EU unlocks first recovery funds amid growing Delta fears 

From left to right: Paolo GENTILONI (European Commissioner for Economy), Pierre GRAMEGNA (Minister of Finance, Luxembourg), Luis DE GUINDOS (Vice President of the European Central Bank), Andrej SIRCELJ (Minister for Finance, Slovenia). [Council]

EU-27 finance ministers in the Ecofin Council approved on Tuesday (13 July) the first batch of twelve national recovery plans, paving the way for the first payments by the end of this month, as the spread of the Delta variant of COVID-19 across Europe increases the risk of new restrictions.

The first batch of countries endorsed by the Ecofin included Austria, Belgium, Denmark, France, Germany, Greece, Italy, Latvia, Luxembourg, Portugal, Slovakia, and Spain.

They will have access to the Recovery and Resilience Facility’s €672.5 billion. The first transfer of 13% of their national envelope will be delivered as soon as capitals complete the paperwork. 

After the first pre-financing payment, member states will receive their remaining grants and loans, in the case of those who requested the credits, over the next five years, once they fulfil the milestones and targets to implement the reforms and investments agreed with the European Commission.

The Commission’s executive vice-president, Valdis Dombrovskis, said the pre-financing for the first dozen countries is expected to be complete by the end of July.

“But this is only the start. Putting all plans into proper and rapid effect will be vital. Our shared priority is now to get these investments and reforms underway,” Dombrovskis said after an Ecofin meeting.

EU recovery fund struggles to find its true nature

Amid doubts around the implementation of the €800 billion recovery fund, European Commission and experts stress that the EU instrument is not a US-like emergency stimulus but an investment tool for the medium-term to transform the European economy.

The completion of the final hurdle for the money to starts flowing to the capitals came one year after the EU leaders’ historic decision to set up the recovery fund.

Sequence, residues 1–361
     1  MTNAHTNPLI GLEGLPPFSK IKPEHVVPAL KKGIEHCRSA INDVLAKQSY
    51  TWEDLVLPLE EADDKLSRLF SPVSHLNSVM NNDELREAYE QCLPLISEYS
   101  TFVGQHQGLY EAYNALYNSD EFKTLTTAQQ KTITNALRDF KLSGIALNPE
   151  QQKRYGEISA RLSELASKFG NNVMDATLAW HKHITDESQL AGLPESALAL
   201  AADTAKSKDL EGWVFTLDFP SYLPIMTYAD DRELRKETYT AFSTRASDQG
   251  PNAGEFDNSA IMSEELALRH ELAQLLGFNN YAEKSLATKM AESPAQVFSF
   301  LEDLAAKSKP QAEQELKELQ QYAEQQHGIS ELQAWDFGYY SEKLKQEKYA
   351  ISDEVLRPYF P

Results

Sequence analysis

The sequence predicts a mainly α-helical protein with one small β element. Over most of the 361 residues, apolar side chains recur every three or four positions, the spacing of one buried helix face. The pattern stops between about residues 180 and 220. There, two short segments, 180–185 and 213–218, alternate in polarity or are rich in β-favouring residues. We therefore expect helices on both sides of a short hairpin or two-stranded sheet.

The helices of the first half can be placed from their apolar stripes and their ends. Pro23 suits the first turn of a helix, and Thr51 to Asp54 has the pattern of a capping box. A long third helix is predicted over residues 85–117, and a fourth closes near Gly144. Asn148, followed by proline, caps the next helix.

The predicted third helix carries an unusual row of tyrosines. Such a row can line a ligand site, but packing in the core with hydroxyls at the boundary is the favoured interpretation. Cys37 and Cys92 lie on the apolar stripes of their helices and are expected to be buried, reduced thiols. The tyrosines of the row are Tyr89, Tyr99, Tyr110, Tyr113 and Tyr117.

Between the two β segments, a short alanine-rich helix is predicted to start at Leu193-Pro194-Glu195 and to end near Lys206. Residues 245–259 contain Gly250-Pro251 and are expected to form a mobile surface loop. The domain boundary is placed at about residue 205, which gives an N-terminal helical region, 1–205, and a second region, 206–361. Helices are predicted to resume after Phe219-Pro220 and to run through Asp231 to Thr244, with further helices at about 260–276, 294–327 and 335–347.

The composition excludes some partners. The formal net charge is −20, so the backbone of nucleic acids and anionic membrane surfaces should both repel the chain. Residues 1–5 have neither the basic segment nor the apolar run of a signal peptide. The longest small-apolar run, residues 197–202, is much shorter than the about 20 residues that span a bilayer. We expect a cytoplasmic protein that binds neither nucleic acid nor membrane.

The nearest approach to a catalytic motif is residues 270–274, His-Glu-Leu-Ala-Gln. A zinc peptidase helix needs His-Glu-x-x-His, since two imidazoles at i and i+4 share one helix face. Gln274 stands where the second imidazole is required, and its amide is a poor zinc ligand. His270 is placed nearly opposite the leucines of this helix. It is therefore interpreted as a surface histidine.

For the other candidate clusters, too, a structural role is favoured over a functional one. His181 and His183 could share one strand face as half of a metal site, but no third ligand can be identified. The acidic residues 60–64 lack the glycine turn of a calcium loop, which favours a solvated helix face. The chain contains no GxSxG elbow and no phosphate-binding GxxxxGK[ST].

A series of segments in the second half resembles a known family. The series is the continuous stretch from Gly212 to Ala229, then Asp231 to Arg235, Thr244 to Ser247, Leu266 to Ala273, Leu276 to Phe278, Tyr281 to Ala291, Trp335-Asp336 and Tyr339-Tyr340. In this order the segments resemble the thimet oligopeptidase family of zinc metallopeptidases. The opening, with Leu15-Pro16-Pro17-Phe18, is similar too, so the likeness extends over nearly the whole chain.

At the same time, the spread of the Delta variant across the continent risks weighing down the European recovery, in particular in tourism-dependent nations, and is forcing countries like Spain to reimpose some restrictions.

The Ecofin’s approval came after national envoys assessed over the past weeks the details of these national recovery plans, previously validated by the European Commission. 

Some of the issues raised during the technical discussions, EU diplomats explained, were related to the auditing and control mechanisms, the front-loading of reforms in the case of some countries, including Spain, or the ‘green’ expenditure.  

Slovenian Finance Minister Andrej Šircelj, whose country is holding the EU Council’s rotating presidency this semester, said the discussion on Tuesday was “very positive” but emphasised the importance of the control mechanisms when implementing the recovery funds.

Following this first approval, a new Ecofin, scheduled for 26 July, is meant to approve the plans of Cyprus, Croatia, Slovenia, and Lithuania.

In addition, the Commission is currently assessing the plans submitted by Ireland, Poland, Czech Republic, and Hungary. In the case of the Irish proposal, Dombrovskis said the assessment is almost ready and could be sent to the Ecofin on 26 July. 

The Commission, however, did not complete the approval of the Hungarian plan within the two-month deadline stipulated in the RRF regulation. 

The EU executive considers that Budapest did not address sufficiently some of the country recommendations related to anti-corruption mechanisms, and that the auditing framework of the recovery funds should be strengthened.

The Commission’s concerns came against the backdrop of the broad criticism Hungary received after passing a law that discriminates the LGTBQI.

Dombrovskis said the Commission is discussing with the Hungarian government the latest clarifications, submitted last Friday. 

“Should the assessment take more weeks than days, we will propose an extension of the two-month deadline,” he explained. 

The approval of the first batch of national plans came as the Commission announced it had raised €10 billion in the markets for the recovery fund via an EU bond issuance on Tuesday.

Together with the previous syndicated bond sales in June and July, the EU executive has obtained from investors around €45 billion. The institution was confident about having sufficient money to pay in one instalment the pre-financing needs of the 12 countries approved on Tuesday.

Recovery fund faces new hurdles with first disbursements

The European Commission could find it difficult to transfer the first tranche of the recovery funds to all member states according to its calendar, as most plans are expected to be approved at the same time and there will be limited capacity to borrow from the markets.

[Edited by Zoran Radosavljevic]

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